|LONDON: Nike and adidas are still the ones to beat when it comes to kit supplying according to Repucom and PR Marketing’s latest kit supplier report.
Shirt sales in Europe continue to be big business for kit suppliers. Approximately, 13 million shirts were sold by the 98 clubs of the top five European football leagues last season (2013/14), up over 14% on the 2011/12 season two years prior.
English Premier League (EPL) clubs sold the majority of this figure, selling over five million shirts in total. This compares with clubs of Spain’s Primera División (3.10m), the German Bundesliga (2.32m), France’s Ligue 1 (1.22m) and Italy’s Serie A (1.18m).
In the coming season however, of these top European leagues, it is only the EPL where Nike is not the most dominant kit supplier.
Of the 25 brands supplying kits to teams of Europe’s top five leagues ahead of the 2014/15 season, Nike has outpaced its German rival adidas for the first time since the 2009/10 season. The US sports giant will kit out 26 clubs, an increase of five on last year’s total, whilst adidas will supply 18, a figure which has dropped by four. Nike now supply the kits to just over a quarter (26.5%) of all clubs in Europe’s top five leagues. In comparison, Adidas’ kits represent an 18.4% share of the market.
Andrew Walsh, football expert at Repucom, said: “In terms of revenue it is the top ten European teams which dominate, delivering 65% of total shirt sales in the five key football leagues, most of which coming from clubs in the English Premier League, adidas’ strongest market. Whilst Nike may be winning in the quantity stakes, Aadidas is certainly not bowing out in the running for market superiority, far from it in fact. The brand is now starting to flex its muscles by supplying Europe’s biggest clubs.”
Currently, Nike’s top five deals which combined are worth approximately €125m per year include FC Barcelona, Manchester United FC, Paris Saint-Germain FC, Juventus FC and FC Internazionale. Adidas’ top five deals include Real Madrid FC, Chelsea FC, FC Bayern Munich, AC Milan and Olympique de Marseille and total approximately €135m per year, €10m more than Nike.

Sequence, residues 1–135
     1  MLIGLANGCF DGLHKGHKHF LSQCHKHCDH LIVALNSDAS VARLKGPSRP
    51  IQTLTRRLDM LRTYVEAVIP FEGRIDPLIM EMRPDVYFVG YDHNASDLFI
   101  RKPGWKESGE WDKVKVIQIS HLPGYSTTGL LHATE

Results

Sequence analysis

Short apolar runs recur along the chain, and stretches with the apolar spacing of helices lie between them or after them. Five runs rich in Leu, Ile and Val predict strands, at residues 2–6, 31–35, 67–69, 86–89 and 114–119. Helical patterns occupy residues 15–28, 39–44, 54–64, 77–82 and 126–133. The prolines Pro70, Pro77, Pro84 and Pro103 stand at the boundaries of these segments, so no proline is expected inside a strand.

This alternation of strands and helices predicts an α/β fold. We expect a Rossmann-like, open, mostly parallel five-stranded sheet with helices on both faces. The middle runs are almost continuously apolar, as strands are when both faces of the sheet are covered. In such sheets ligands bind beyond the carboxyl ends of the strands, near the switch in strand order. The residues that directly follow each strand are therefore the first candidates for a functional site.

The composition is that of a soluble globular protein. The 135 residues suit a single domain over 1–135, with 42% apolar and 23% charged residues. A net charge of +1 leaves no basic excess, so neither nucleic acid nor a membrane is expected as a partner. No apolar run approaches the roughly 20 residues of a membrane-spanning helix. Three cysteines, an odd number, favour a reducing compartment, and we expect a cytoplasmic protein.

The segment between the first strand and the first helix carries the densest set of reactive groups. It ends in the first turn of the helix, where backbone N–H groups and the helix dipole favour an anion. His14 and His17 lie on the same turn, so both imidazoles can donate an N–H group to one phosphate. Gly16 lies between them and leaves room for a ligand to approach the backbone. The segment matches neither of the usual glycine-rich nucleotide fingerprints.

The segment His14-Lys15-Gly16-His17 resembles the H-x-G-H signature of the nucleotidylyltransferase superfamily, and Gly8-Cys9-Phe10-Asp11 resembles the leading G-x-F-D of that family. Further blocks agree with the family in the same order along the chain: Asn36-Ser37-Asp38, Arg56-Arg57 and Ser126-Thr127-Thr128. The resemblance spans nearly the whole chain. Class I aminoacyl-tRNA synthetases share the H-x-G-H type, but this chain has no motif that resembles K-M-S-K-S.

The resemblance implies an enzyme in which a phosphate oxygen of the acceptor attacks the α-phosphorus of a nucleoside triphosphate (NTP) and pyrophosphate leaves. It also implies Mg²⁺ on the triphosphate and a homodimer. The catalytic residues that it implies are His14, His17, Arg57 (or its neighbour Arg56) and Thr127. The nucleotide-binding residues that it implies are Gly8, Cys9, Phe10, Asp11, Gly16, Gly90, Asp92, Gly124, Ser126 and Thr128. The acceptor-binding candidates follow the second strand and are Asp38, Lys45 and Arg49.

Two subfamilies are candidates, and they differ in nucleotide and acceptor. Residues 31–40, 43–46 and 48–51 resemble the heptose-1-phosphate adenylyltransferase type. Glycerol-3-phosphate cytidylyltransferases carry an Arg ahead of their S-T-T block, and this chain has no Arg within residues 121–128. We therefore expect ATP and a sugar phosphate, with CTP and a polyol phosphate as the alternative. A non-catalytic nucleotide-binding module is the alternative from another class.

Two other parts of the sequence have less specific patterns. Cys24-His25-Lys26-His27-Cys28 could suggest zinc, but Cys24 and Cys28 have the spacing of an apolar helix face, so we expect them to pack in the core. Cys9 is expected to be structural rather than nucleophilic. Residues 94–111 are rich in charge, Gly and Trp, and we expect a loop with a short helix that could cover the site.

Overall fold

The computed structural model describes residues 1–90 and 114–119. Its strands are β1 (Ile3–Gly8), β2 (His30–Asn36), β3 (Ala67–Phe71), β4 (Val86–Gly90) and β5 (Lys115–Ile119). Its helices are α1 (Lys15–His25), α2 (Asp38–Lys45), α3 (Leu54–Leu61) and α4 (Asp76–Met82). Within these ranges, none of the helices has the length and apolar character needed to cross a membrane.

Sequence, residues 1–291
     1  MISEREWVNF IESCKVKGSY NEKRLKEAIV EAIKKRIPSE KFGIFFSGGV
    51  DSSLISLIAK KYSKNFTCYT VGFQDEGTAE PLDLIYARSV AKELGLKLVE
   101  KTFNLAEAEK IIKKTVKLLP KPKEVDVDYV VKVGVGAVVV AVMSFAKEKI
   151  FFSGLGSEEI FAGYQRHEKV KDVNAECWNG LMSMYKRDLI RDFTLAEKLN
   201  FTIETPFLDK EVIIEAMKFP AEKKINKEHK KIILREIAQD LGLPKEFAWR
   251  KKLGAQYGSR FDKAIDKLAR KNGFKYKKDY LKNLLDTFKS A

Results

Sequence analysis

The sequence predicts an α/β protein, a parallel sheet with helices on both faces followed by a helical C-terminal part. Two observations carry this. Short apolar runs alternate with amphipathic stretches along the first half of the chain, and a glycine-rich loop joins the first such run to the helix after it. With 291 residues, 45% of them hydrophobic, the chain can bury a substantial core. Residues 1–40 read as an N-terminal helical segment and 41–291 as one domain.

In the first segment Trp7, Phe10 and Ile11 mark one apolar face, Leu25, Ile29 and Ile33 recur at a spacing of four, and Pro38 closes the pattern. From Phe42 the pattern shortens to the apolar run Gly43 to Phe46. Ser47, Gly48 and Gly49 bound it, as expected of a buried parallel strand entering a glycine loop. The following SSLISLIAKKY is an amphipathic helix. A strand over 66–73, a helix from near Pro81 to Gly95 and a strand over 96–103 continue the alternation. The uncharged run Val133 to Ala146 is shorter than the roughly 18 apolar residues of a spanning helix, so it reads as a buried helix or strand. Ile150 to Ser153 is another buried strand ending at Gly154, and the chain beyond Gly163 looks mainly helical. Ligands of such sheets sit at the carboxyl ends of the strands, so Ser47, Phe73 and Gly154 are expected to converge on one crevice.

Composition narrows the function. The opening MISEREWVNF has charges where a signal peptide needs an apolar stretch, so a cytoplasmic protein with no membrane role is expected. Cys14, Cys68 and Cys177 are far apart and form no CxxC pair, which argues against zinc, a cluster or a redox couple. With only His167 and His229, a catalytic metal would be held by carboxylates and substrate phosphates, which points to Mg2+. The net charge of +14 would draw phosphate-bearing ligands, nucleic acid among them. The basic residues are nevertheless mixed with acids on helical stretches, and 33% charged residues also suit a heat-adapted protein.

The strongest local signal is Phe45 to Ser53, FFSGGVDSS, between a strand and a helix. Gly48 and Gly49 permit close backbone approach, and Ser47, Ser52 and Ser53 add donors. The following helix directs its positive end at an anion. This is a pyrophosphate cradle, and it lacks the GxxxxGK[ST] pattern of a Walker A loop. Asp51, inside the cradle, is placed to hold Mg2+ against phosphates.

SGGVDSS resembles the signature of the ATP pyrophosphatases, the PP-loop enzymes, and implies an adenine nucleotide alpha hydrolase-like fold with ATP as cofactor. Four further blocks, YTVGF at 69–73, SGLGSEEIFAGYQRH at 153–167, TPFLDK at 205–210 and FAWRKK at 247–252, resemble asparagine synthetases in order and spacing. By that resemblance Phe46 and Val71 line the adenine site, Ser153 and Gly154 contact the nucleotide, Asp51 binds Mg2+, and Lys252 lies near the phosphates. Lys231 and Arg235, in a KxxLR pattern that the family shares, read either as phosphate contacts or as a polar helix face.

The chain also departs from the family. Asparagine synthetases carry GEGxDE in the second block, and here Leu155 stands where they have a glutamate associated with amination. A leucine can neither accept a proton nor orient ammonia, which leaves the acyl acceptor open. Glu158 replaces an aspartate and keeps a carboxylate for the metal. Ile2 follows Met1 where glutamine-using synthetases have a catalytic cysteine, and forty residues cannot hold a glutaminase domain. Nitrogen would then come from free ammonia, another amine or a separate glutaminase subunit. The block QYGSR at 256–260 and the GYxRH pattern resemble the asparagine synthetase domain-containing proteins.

However, ahead of the 2015/16 season, Adidas will be taking two of Nike’s biggest club deals; EPL giants, Manchester United and Italian Champions, Juventus FC.
Andrew Walsh continued: “Manchester United’s Nike deal is currently worth an estimated €31.5m per year, a figure dwarfed by adidas’ new €94m deal, a difference of over €62m. The deal with Juventus will also increase, from €19m to approximately €23.25m per year.
“adidas’ position in the market is certainly one of ‘quality’, already official partner of World Football’s biggest tournament, the FIFA World Cup, as well as World Champions, Germany and the UEFA Champions League, now they are moving to kit out the world’s biggest clubs underlining their position as football’s leading sports brand in terms of sponsorship. A title that Nike will of course continue to rival.
“How the strategies of these big brands develop will ultimately play a defining role in shaping the commerciality of the industry itself and it is key for clubs to see how these two giants are carving up the European football apparel market. Whilst Nike looks to maximise the number of teams it supplies, Adidas is going for the most popular, most followed and ultimately biggest selling clubs in the world.”
Aside from the battle between Nike and Adidas, Puma has been able to strengthen its market position as the third major power in European football apparel with its new deal with Arsenal FC, formerly supplied, again, by Nike. Including its deal with German side, Borussia Dortmund, Puma now kit out nine clubs in Europe’s top five leagues. Italian brand Kappa’s eight deals means it is the only other company to supply more than four clubs ahead of the 2014/15 season.